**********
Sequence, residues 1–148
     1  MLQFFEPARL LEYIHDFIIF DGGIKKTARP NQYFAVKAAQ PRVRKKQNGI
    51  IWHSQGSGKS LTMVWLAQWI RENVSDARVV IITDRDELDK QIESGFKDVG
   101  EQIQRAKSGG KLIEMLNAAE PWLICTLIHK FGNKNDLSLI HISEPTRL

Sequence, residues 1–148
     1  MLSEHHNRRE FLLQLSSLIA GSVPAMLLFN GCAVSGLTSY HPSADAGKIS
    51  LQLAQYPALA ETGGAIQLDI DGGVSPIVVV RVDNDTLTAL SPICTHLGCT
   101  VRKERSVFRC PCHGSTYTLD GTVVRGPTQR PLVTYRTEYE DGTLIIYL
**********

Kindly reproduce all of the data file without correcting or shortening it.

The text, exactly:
Sequence, residues 1–148
     1  MLQFFEPARL LEYIHDFIIF DGGIKKTARP NQYFAVKAAQ PRVRKKQNGI
    51  IWHSQGSGKS LTMVWLAQWI RENVSDARVV IITDRDELDK QIESGFKDVG
   101  EQIQRAKSGG KLIEMLNAAE PWLICTLIHK FGNKNDLSLI HISEPTRL

Sequence, residues 1–148
     1  MLSEHHNRRE FLLQLSSLIA GSVPAMLLFN GCAVSGLTSY HPSADAGKIS
    51  LQLAQYPALA ETGGAIQLDI DGGVSPIVVV RVDNDTLTAL SPICTHLGCT
   101  VRKERSVFRC PCHGSTYTLD GTVVRGPTQR PLVTYRTEYE DGTLIIYL